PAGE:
Pelagic Australis, a 74-foot aluminum sailboat and my home for the next month, was just tying up beside Victory, a 75-foot wooden schooner, which was rafted on the outside of Micalvi. Laura Parish and Miles Wise, the first mate and captain, respectively, who are also partners, sat in the pilothouse and drank a welcome aboard cup of tea with me. The boat was strangely quiet since most of the crew was still in the classroom—finishing up the final days of their RYA (Royal Yachting Association) Yachtmaster certification course. The plan, said Miles, as the pale, winter sun started its early descent, was to watch the weather forecasts and head up the Beagle Channel to do some exploration as soon as classes had finished. After that, we’d sail for Cape Horn, and from there, on to the Falklands, and across to Buenos Aires.
I dragged my seabags below, eager to get my gear stowed before my roommate returned. The cabin was comfortable enough, but not large. The bottom berth had already been staked out, but I had no trouble finding enough room for my stuff, and I liked that my berth, though narrower, had a small porthole. Laura gave me a tour of the rest of the boat, with specific instructions on how to pump out the heads and the shower trays, where to find provisions, etc. We finished up as darkness fell, and just as the troops returned, boisterously stamping their feet in the cold. This was a big moment: With an LOA of 74 feet and less than 20 feet of beam, 11 of us would be sharing this small, floating space for the next four weeks. When you think about it, it would be nearly impossible to share 1,480 square feet with 10 of your very favorite people for more than a day. Now imagine doing it with strangers for a month. Luckily, we had plenty of rum, beer, wine, and good food aboard—and we shared a common goal—so we didn’t stay strangers for long.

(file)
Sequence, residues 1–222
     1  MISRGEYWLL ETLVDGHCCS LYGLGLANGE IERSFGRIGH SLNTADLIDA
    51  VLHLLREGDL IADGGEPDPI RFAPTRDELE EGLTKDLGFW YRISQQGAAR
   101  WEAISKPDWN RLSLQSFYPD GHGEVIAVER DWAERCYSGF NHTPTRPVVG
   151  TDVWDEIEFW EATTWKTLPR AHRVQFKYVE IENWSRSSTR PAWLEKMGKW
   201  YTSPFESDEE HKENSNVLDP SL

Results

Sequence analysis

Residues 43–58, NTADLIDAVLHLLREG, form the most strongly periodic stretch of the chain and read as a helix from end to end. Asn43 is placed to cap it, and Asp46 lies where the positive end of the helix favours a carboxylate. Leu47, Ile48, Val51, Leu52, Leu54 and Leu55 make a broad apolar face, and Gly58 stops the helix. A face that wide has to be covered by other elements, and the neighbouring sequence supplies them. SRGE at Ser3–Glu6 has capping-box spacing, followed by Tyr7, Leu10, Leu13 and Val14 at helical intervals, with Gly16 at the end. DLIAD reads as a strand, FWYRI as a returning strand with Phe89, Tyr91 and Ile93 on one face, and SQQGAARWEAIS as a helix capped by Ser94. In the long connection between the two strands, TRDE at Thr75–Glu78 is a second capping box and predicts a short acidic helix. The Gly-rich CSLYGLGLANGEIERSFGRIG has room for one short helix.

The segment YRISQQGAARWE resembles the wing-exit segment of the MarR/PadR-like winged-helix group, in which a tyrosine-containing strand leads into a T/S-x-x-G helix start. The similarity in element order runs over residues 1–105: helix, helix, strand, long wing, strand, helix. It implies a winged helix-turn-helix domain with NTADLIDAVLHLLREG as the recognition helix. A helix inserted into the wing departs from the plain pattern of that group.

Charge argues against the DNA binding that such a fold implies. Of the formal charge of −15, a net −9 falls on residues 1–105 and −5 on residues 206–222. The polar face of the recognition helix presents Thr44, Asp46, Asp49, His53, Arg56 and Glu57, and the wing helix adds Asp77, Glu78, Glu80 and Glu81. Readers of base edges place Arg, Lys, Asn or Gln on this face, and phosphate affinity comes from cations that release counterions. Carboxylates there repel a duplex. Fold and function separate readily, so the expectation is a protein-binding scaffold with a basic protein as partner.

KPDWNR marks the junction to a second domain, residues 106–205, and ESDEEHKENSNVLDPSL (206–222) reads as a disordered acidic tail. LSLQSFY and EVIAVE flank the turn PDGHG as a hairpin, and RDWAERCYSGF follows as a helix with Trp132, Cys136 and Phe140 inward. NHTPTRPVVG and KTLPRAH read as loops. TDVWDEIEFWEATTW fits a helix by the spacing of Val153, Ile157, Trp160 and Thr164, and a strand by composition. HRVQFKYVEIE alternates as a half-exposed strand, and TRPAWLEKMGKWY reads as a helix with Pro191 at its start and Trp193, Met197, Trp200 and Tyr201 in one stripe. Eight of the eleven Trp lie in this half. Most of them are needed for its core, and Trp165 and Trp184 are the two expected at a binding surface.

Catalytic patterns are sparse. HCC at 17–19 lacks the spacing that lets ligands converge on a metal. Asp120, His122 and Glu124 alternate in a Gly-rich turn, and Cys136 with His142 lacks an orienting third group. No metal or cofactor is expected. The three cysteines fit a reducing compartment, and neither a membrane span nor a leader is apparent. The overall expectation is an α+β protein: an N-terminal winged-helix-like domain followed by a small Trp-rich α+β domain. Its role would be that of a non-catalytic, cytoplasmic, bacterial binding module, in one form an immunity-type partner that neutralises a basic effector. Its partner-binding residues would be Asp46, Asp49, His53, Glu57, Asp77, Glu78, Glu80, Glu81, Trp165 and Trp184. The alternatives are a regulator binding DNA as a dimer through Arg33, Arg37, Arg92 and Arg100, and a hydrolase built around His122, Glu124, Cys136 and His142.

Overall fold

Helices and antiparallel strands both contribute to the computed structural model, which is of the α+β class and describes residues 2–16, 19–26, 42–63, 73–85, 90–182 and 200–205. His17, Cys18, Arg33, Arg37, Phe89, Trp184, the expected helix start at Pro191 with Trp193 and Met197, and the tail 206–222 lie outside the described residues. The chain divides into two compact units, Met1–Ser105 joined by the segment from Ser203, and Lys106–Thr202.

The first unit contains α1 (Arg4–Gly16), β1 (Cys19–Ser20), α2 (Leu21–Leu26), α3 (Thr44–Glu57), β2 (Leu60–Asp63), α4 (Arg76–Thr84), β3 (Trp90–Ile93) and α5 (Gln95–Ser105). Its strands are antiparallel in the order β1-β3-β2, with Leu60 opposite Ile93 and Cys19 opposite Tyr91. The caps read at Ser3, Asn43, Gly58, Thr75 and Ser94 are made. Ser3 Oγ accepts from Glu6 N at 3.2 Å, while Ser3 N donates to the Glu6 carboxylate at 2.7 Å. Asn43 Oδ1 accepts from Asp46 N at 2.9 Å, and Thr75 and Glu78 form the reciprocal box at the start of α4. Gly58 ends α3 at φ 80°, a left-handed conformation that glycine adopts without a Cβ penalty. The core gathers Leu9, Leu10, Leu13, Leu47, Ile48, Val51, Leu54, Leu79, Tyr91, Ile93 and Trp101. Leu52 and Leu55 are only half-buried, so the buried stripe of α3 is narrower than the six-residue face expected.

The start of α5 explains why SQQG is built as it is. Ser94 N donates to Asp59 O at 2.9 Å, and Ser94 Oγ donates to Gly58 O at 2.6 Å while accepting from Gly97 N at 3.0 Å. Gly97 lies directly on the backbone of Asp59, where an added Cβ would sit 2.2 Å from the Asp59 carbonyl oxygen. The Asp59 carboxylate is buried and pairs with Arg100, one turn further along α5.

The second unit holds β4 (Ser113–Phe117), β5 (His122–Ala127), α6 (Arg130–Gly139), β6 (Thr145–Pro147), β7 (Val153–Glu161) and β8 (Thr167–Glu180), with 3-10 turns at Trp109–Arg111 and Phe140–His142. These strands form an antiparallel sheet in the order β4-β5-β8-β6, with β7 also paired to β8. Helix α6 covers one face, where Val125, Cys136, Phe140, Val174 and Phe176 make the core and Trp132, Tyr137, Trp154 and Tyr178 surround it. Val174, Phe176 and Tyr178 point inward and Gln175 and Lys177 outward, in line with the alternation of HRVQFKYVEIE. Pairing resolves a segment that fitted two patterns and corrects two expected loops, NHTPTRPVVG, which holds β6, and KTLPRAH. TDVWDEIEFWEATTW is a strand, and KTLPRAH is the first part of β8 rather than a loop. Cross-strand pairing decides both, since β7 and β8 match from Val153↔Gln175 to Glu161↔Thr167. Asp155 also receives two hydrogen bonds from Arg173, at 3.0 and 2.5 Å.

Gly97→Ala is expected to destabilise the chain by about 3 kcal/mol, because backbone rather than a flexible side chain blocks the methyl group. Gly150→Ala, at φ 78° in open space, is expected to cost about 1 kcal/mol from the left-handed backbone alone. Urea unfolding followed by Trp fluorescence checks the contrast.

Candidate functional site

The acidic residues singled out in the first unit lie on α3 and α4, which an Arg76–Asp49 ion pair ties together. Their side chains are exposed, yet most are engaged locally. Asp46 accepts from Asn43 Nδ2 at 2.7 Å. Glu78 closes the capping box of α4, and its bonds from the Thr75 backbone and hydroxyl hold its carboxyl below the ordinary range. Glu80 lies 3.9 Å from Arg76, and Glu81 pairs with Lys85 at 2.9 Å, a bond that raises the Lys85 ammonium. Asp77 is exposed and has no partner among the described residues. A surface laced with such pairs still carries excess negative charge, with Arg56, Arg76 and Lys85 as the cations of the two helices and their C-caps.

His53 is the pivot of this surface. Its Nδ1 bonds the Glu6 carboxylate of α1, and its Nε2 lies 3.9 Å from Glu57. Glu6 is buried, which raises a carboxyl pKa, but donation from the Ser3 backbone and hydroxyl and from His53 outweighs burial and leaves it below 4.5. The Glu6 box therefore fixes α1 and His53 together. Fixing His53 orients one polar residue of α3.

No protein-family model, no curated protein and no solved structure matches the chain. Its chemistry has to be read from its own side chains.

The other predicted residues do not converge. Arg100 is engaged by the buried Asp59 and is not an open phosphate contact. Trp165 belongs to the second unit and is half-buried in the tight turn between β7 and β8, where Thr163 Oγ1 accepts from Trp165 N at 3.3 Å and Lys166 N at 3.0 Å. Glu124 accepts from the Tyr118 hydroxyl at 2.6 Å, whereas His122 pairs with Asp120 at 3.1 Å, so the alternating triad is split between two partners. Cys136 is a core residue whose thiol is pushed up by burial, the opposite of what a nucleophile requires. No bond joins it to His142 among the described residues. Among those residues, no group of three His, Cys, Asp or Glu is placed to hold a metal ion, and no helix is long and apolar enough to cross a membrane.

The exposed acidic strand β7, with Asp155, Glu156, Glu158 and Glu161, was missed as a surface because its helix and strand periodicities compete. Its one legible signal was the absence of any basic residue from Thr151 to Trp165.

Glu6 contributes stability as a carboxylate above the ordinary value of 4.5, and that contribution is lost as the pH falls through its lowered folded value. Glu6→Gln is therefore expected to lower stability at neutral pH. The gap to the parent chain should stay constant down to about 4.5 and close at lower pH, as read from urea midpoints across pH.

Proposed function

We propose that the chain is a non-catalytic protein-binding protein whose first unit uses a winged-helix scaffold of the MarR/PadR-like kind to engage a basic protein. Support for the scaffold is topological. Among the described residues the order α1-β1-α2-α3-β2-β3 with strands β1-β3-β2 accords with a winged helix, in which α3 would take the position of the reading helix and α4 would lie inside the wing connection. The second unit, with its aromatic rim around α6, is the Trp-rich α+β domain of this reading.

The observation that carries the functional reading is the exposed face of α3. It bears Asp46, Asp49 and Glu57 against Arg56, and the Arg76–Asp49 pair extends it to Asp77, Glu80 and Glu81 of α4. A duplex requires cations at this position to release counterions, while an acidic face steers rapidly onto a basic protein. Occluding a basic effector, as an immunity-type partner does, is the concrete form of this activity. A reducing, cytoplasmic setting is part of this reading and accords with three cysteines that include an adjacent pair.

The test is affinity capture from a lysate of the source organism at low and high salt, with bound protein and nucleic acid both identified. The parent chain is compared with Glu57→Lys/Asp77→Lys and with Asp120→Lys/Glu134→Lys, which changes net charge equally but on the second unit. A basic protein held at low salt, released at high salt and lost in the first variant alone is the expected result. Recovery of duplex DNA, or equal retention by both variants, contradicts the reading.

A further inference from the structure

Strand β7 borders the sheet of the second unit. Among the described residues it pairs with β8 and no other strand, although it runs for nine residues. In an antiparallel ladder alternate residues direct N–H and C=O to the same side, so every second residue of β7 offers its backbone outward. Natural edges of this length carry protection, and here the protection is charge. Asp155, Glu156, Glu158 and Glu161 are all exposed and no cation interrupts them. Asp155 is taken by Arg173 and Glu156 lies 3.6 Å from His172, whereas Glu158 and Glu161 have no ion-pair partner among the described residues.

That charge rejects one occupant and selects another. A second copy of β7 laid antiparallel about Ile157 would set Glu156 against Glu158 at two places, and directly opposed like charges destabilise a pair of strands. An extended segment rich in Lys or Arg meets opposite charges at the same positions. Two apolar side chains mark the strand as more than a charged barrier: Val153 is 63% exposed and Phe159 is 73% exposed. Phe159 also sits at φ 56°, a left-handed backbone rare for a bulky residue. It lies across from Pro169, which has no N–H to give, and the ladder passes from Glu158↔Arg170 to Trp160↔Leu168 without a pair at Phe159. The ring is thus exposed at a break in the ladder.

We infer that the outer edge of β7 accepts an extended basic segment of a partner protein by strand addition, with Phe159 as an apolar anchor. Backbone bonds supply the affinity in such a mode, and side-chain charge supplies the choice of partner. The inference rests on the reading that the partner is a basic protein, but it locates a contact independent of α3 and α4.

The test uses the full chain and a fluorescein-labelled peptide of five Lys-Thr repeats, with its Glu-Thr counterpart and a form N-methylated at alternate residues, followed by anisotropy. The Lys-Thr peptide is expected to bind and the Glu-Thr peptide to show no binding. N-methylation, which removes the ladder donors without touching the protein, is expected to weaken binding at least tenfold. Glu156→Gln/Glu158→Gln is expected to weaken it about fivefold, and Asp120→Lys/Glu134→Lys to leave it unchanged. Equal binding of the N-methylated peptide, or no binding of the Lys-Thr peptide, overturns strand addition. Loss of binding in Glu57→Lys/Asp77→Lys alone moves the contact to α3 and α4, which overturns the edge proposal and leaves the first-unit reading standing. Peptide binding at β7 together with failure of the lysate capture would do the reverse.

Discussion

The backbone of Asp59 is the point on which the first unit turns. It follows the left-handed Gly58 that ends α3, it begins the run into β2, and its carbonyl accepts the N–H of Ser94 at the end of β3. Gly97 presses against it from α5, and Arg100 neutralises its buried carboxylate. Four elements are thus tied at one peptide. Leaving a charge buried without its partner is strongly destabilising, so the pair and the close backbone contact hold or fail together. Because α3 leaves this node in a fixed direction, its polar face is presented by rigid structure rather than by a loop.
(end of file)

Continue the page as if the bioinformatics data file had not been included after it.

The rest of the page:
Pelagic Australis is a solid ship. Comfortable but not luxurious, she is purpose-built for cruising southern latitudes, and she tends to draw the kind of adventurous charterers who don’t mind rolling up their sleeves and doing some chopping, cooking, washing, and deck-swabbing. On our trip, which was the end-of-season delivery to Buenos Aires for lifeboat and other safety inspections, we were crew, so we also took turns at the helm, on deck, and navigating.